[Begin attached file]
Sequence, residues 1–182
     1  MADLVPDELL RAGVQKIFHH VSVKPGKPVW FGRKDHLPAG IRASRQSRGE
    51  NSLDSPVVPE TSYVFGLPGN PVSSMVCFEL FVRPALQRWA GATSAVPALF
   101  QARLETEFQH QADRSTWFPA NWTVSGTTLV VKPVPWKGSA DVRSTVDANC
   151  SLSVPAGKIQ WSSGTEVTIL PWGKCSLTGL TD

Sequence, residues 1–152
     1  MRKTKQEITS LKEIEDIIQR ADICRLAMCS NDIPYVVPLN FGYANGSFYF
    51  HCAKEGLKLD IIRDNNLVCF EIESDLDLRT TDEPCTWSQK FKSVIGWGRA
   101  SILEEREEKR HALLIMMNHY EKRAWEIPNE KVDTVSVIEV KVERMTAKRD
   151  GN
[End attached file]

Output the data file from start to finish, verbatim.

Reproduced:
Sequence, residues 1–182
     1  MADLVPDELL RAGVQKIFHH VSVKPGKPVW FGRKDHLPAG IRASRQSRGE
    51  NSLDSPVVPE TSYVFGLPGN PVSSMVCFEL FVRPALQRWA GATSAVPALF
   101  QARLETEFQH QADRSTWFPA NWTVSGTTLV VKPVPWKGSA DVRSTVDANC
   151  SLSVPAGKIQ WSSGTEVTIL PWGKCSLTGL TD

Sequence, residues 1–152
     1  MRKTKQEITS LKEIEDIIQR ADICRLAMCS NDIPYVVPLN FGYANGSFYF
    51  HCAKEGLKLD IIRDNNLVCF EIESDLDLRT TDEPCTWSQK FKSVIGWGRA
   101  SILEEREEKR HALLIMMNHY EKRAWEIPNE KVDTVSVIEV KVERMTAKRD
   151  GN